Billboard Magazine recently had a chance to speak with the front man and founding member of KISS, Gene Simmons, about the band and about the music industry as a whole. While the questions about upcoming releases and tours were answered in a fairly standard manner, bringing up new music must have touched on a rather sore point for Mr. Simmons. While artists are certainly not expected to like the idea of a listener having downloaded their hard work, Gene Simmons evidently would rather not have the listeners at all, saying that "Every little college kid ... should have been sued off the face of the earth. They should have taken their houses and cars and nipped it right there in the beginning." When the interviewer turned the conversation to artists such as Radiohead and Trent Reznor, who are offering free downloads and a "pay if you want to" purchasing model, the abuse continued. "I open a store and say 'Come on in and pay whatever you want.' Are you on f---ing crack? Do you really believe that's a business model that works?"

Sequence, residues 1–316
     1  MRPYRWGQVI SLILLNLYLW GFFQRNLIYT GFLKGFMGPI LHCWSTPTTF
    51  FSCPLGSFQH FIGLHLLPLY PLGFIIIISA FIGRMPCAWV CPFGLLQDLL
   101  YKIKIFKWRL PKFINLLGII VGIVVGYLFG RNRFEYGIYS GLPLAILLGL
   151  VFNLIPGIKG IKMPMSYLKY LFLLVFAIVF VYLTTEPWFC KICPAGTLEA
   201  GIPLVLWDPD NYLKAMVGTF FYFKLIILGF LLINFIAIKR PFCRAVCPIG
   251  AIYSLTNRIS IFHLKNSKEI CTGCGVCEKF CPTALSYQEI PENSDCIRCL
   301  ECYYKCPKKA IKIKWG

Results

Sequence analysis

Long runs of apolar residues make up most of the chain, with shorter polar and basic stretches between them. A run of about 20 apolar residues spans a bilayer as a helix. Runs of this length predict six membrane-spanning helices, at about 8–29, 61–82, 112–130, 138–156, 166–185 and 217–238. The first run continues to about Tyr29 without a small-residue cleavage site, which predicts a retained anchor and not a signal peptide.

Evidently the $2.7 million USD grossed by Radiohead on the first day of sales "doesn't work" well enough.
But according to Gene, it's not about the money. "The most important part is the music. Without that, why would you care?" No doubt a smaller band, playing music for the fun of it, might agree -- but coming from the mouth of a man with a reality show on A&E in its third season, a cartoon on Nickelodeon, his own book publishing company, and a band that has branded merchandise from lighters to condoms to comic books -- it's a little hard to believe that it's still "about the music."